Is there a traffic problem downtown?
It depends on who you ask.
But members of the town’s parking committee believe a problem exists — and that it’s just a matter of time until it becomes a really big one.
With that in mind, they’re in the process of drawing up a proposal to install parking meters downtown.
“It’s become a problem everywhere near Main Street,” said Ray Pickersgill, a parking committee member and executive director of the town’s Business Improvement District. “There’s only one real solution, and that’s a parking garage. But where are we going to get the money for that?”
Recent estimates put the cost of building a downtown parking garage as high as $20 million or more. Instead, Mr. Pickersgill said, he hopes the town will embrace the idea of installing parking meters — again.
There used to be parking meters downtown, but the town removed them in the mid-1990s in response to public pressure, according to a 1995 News-Review article. Debate over keeping or removing them was strong at the time, as members of the BID favored retaining them to support frequent customer turnover.
Similar concerns still ring true today.
John Mantzopoulos, also a parking committee member, is in the process of rebuilding his downtown restaurant, Athens Grill restaurant, which burned down last year. He said Tuesday that there’s a need to bring back the meters — and it’s evident just taking a look around Long Island.
“Considering that 9.9 out of 10 municipalities have them these days,” he said, “I think people should have to pay for some parking.”
Mr. Mantzopoulos explained that with downtown attractions that draw large crowds — such as the Suffolk County Culinary Institute, Summerwind, the Suffolk Theater and others — smaller “mom and pop” operations can be squeezed out if a few businesses hog all the parking spots.
“We have to have some kind of resolution that makes all parties happy,” he said. “At least 80 percent happy.”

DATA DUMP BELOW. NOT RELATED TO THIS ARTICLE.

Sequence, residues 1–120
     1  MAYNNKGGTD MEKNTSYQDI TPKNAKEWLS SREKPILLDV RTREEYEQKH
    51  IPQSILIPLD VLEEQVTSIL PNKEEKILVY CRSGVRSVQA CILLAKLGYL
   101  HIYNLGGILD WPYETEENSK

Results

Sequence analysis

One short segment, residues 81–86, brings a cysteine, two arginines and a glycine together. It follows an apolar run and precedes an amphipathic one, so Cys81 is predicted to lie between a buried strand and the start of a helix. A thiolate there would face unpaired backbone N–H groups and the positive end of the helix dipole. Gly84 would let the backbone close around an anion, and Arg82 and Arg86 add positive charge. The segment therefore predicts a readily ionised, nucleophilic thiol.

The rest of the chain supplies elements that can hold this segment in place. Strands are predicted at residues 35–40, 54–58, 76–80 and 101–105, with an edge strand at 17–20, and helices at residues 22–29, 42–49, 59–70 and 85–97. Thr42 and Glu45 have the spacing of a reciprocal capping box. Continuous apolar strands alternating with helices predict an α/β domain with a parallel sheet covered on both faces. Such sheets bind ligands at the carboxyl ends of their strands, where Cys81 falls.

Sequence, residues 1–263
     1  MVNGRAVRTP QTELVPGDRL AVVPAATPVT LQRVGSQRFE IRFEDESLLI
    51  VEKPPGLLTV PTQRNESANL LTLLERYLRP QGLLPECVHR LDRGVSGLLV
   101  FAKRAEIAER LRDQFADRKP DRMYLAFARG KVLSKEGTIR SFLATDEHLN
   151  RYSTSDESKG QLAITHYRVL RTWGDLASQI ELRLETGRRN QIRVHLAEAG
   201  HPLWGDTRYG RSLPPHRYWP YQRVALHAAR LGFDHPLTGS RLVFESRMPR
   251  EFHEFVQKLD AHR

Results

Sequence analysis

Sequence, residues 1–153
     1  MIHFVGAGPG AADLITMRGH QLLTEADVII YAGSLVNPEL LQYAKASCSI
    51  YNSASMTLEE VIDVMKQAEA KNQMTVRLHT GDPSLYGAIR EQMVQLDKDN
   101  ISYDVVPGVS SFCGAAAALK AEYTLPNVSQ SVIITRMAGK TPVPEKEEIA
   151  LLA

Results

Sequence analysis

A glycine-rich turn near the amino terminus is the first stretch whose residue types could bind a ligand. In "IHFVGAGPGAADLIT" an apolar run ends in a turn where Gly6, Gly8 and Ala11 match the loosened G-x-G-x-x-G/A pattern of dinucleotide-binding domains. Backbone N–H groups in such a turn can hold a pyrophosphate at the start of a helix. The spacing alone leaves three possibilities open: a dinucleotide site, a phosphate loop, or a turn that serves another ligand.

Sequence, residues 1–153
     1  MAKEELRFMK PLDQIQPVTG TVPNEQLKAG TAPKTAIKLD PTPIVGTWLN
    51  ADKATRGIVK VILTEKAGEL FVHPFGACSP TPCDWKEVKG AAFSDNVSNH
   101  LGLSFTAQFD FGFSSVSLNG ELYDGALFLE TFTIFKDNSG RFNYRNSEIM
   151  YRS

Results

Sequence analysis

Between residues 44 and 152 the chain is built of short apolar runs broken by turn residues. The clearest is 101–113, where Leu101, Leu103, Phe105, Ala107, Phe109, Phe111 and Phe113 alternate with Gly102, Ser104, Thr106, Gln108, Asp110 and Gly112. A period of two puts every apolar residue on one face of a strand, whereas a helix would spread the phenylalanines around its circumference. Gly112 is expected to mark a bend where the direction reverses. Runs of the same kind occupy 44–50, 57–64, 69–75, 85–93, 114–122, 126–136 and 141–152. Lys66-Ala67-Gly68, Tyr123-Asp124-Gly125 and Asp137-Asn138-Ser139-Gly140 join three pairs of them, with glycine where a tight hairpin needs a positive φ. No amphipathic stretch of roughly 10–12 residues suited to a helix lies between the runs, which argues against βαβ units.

Although details such as start-up costs aren’t yet available, Mr. Pickersgill and Mr. Mantzopoulos explained that the idea at this stage is to designate the south side of the Summerwind parking lot as paid and the north side as free. The plan would be to allow longer-term parking in free spots, while making sure the paid spots turn over so that customers can come and go.
Mr. Mantzopoulos said he anticipates negative feedback about the idea.
“I’m sure we’re going to be criticized for this,” he said. “But something has to be done.”
Not so, according to Supervisor Sean Walter.
“At some point, [paid parking] will probably be a necessary evil,” Mr. Walter said. “But we have a perceived parking problem right now. Even during the farmers market, when we have 1,000 people visiting, you can still get a spot.”
Councilman John Dunleavy, the town board’s liaison to the parking committee, said that instead of changing the parking structure downtown, he’d like to see better enforcement of the existing structure. Current regulations include time limits on Main Street parking spaces and parking spaces in the Peconic River parking lot, though no signs were ever posted informing drivers of the latter.
The councilman favors hiring a full-time traffic control officer for about $45,000, including benefits. He said the position could pay for itself, and even add to the town’s coffers.
Mr. Walter said he doesn’t believe the town would break even if it hired someone to hand out tickets.
Mr. Pickersgill said enforcing metered parking could be a first step toward gathering the funds needed to eventually build a parking garage.